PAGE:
Indian democracy was under threat and several Opposition leaders, including himself, were being snooped upon by using Israeli spyware Pegasus, former Congress chief Rahul Gandhi told a group of students at Cambridge University.
Mr. Gandhi had delivered the lecture on February 28 but was shared on Twitter by Congress leader Sam Pitroda on Friday.
With the BJP accusing Mr. Gandhi of ‘maligning India on foreign soil’, the Congress hit back by stating that Prime Minister Narendra Modi had raked up domestic politics on foreign soil and had even made “fun of the country by saying people were ashamed of being born as Indians”.
During his lecture on “Learning to Listen in the 21st Century”, Mr. Gandhi had said, “Indian democracy is under pressure and under attack. The institutional framework which is required for a democracy... Parliament, free press, the judiciary, just the idea of mobilisation _ these are all getting constrained. We are facing an attack on the basic structure of democracy”.
The Congress leader said that India was described as a Union of States in the Constitution and that Union required negotiation and conversation. “It is that negotiation that is under attack and threat...there is also attack on minorities and press. A large number of political leaders have Pegasus on their phones. I myself had Pegasus on my phone. I have been called by intelligence officers who say please be careful of what you say on the phone as we are recording the stuff,” he claimed.
The former Congress president cited key aspects of the alleged assault on democracy: capture and control of media and judiciary, surveillance and intimidation, coercion by federal law enforcement agencies, attacks on tribals, Dalits and minorities and shutting down of dissent.
“I have got a number of criminal liable cases registered against me for the things which shouldn’t be under criminal cases. As the Opposition, it is very difficult to communicate with people when you have this type of an assault on media and on the democratic architecture. So, we decided to go back to Indian history and culture,” Mr. Gandhi said, explaining the motivation behind his 4,081 km-long Bharat Jodo Yatra.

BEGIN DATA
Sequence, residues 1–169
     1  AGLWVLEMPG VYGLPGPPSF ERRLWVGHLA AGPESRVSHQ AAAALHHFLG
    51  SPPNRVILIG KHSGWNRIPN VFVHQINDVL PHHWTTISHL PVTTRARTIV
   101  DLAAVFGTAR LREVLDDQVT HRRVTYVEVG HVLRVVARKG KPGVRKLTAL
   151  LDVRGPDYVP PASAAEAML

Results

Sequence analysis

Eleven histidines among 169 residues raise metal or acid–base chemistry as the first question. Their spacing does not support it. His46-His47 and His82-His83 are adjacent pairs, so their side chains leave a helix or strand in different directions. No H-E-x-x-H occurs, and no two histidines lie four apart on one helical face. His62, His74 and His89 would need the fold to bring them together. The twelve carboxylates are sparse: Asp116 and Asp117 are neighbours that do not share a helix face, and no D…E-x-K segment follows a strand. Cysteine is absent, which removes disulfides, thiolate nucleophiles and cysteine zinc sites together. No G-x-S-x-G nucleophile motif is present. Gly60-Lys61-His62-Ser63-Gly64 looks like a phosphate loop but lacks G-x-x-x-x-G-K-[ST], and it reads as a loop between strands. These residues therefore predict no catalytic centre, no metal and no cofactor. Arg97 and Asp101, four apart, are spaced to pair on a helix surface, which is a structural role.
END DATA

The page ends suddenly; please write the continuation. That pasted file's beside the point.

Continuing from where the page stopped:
Recalling the Kashmir leg of the yatra, Mr. Gandhi shared an experience during which a boy came up to him and told him that militants were looking at him. “They [the militants] had no power to do anything as I had come there with no violence in me at all,” he said.
The Congress leader’s presentation also focussed on the themes of “Two divergent perspectives of the U.S. and China since World War II” and the “Imperative for a Global Conversation”.
Responding to BJP’s allegations of maligning India, Congress spokesperson and social media head Supriya Shrinate said the Prime Minister had ridiculed the Opposition and referred to the India’s domestic politics in places like Shanghai, California, Toronto, Seoul and Abu Dhabi.
“If we start recalling those statement of the Prime Minister against the Opposition, the BJP won’t have a place to hide. If they listen to Rahul Gandhi ji hour-long speech, they will understand that he spoke about democracy….When he is saying that India is an asset on the world stage of democracy, he is talking about your and our democracy. He is talking about India emerging as a bid power between the two super-powers of America and China,” Ms. Shrinate said in defence of the former Congress chief.
Mr. Gandhi is on a week-long tour of the U.K. and is scheduled to hold some closed-door sessions on Big Data and Democracy and India-China relations at Cambridge University. He is also expected to interact with representatives of the U.K. chapter of the Indian Overseas Congress and address an “Indian Diaspora Conference” planned over the weekend in London.